int orientation = ei.getAttributeInt(ExifInterface.TAG_ORIENTATION, ExifInterface.ORIENTATION_UNDEFINED);
        switch (orientation) {
            case ExifInterface.ORIENTATION_ROTATE_90:
                rotatedBitmap = rotateImage(bitmap, 90);
                break;
            case ExifInterface.ORIENTATION_ROTATE_180:
                rotatedBitmap = rotateImage(bitmap, 180);
                break;
            case ExifInterface.ORIENTATION_ROTATE_270:
                rotatedBitmap = rotateImage(bitmap, 270);
                break;
        }
    } catch (IOException e) {
        Toast.makeText(this, e.getLocalizedMessage(), Toast.LENGTH_SHORT).show();
    }

    imageView.setImageBitmap(rotatedBitmap);
}

public static Bitmap rotateImage(Bitmap source, float angle) {
    Matrix matrix = new Matrix();
    matrix.postRotate(angle);
    return Bitmap.createBitmap(source, 0, 0, source.getWidth(), source.getHeight(),
            matrix, true);
}

That’s it! Run the app now and you will be able to take pictures with the phone’s camera that will be transformed into puzzles.

If you get an error at this point, java.lang.ClassNotFoundException: Didn't find class "android.support.design.widget.FloatingActionButton", you need to edit the app/build.gradle file and add:

dependencies {
    ...
    implementation 'com.android.support:design:26.1.0'
}

Check the code on GitHub.

Getting Images from the Gallery

The last “piece” of our puzzle game is to allow the user to choose images from the phone’s gallery. Let’s first add a new FloatingActionButton with a image icon:

<android.support.design.widget.FloatingActionButton
    android:id="@+id/galleryButton"
    android:layout_width="wrap_content"
    android:layout_height="wrap_content"
    android:layout_marginBottom="16dp"
    android:layout_marginEnd="8dp"
    android:layout_marginRight="8dp"
    android:clickable="true"
    android:onClick="onImageFromGalleryClick"
    android:src="@drawable/ic_image_black_24dp"
    android:tint="@android:color/white"
    app:layout_constraintBottom_toBottomOf="parent"
    app:layout_constraintEnd_toStartOf="@id/cameraButton" />

Add the ic_image_black_24dp drawable resource like we did before with the camera icon. This time search for the “image” icon.

Now, let’s add the onImageFromGalleryClick that is called when the button is clicked, in the MainActivity class:

static final int REQUEST_PERMISSION_READ_EXTERNAL_STORAGE = 3;
static final int REQUEST_IMAGE_GALLERY = 4;

public void onImageFromGalleryClick(View view) {
    if (ContextCompat.checkSelfPermission(this, Manifest.permission.READ_EXTERNAL_STORAGE) != PackageManager.PERMISSION_GRANTED) {
        ActivityCompat.requestPermissions(this, new String[] {Manifest.permission.READ_EXTERNAL_STORAGE}, REQUEST_PERMISSION_READ_EXTERNAL_STORAGE);
    } else {
        Intent intent = new Intent(Intent.ACTION_GET_CONTENT);
        intent.setType("image/*");
        startActivityForResult(intent, REQUEST_IMAGE_GALLERY);
    }
}

Now we need to be ready to receive the image the user selected:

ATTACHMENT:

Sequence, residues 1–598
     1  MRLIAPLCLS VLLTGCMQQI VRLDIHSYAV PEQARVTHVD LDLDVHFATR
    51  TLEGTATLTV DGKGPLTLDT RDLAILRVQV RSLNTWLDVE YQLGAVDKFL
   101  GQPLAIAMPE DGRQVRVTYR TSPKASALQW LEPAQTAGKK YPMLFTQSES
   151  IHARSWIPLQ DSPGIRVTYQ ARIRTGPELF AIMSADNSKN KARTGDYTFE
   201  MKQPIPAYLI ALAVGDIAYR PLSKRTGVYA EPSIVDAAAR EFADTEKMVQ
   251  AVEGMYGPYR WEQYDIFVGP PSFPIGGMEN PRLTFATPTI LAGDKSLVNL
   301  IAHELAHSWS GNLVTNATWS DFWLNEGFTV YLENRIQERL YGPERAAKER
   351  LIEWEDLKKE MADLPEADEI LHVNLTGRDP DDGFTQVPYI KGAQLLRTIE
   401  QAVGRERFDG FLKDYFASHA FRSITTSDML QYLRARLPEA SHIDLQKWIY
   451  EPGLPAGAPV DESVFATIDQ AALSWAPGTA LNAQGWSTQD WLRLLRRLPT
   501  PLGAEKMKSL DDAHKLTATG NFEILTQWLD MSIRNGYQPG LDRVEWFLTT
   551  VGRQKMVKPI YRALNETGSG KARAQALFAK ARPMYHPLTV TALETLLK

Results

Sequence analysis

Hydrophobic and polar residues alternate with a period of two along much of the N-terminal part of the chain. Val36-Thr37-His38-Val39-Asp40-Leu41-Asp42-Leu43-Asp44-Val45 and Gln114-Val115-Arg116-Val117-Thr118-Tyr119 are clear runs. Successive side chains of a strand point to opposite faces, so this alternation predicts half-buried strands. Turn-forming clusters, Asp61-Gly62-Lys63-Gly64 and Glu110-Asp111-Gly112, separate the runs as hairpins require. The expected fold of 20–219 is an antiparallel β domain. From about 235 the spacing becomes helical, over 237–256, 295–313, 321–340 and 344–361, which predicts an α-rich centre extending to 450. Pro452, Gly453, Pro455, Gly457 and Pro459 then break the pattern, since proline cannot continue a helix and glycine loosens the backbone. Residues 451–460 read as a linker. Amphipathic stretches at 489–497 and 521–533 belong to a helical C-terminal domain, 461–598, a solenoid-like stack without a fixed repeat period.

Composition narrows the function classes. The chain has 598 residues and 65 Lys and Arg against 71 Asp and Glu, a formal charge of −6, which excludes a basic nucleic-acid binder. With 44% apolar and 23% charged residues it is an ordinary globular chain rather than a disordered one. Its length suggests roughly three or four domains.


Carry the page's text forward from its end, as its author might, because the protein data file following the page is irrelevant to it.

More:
@Override
protected void onActivityResult(int requestCode, int resultCode, Intent data) {
    // ...

    if (requestCode == REQUEST_IMAGE_GALLERY && resultCode == RESULT_OK) {
        Uri uri = data.getData();

        Intent intent = new Intent(this, PuzzleActivity.class);
        intent.putExtra("mCurrentPhotoUri", uri.toString());
        startActivity(intent);
    }
}

Finally, in the PuzzleActivity class, we need to be able to load the image using the Uri send by the main activity:

String mCurrentPhotoUri;

@Override
protected void onCreate(Bundle savedInstanceState) {
    // ...
    mCurrentPhotoUri = intent.getStringExtra("mCurrentPhotoUri");

    // run image related code after the view was laid out
    // to have all dimensions calculated
    imageView.post(new Runnable() {
        @Override
        public void run() {
            if (assetName != null) {
                setPicFromAsset(assetName, imageView);
            } else if (mCurrentPhotoPath != null) {
                setPicFromPath(mCurrentPhotoPath, imageView);
            } else if (mCurrentPhotoUri != null) {
                imageView.setImageURI(Uri.parse(mCurrentPhotoUri));
            }
            pieces = splitImage();
            // ...

That’s it! Run the app now and try selecting images from your phone’s gallery.

Check the code on GitHub.

Final Touches

Our puzzle game is ready. You can choose one of the existing images or import new ones from the camera or from the device gallery. But we can still add some improvements.

In the PuzzleActivity, the image takes over all the available space. It will be nicer to leave some space at the bottom, where we put the puzzle pieces at the start of the game. Let’s add a aspect ratio constraint of 4:5 to the images to accomplish this:

<ImageView
    android:id="@+id/imageView"
    android:layout_width="0dp"
    android:layout_height="0dp"
    android:layout_marginEnd="8dp"
    android:layout_marginStart="8dp"
    android:layout_marginTop="8dp"
    android:scaleType="centerCrop"
    app:layout_constraintDimensionRatio="H,4:5"
    app:layout_constraintEnd_toEndOf="parent"
    app:layout_constraintLeft_toLeftOf="parent"
    app:layout_constraintRight_toRightOf="parent"
    app:layout_constraintStart_toStartOf="parent"
    app:layout_constraintTop_toTopOf="parent"
    app:srcCompat="@drawable/photo"
    android:alpha="0.5" />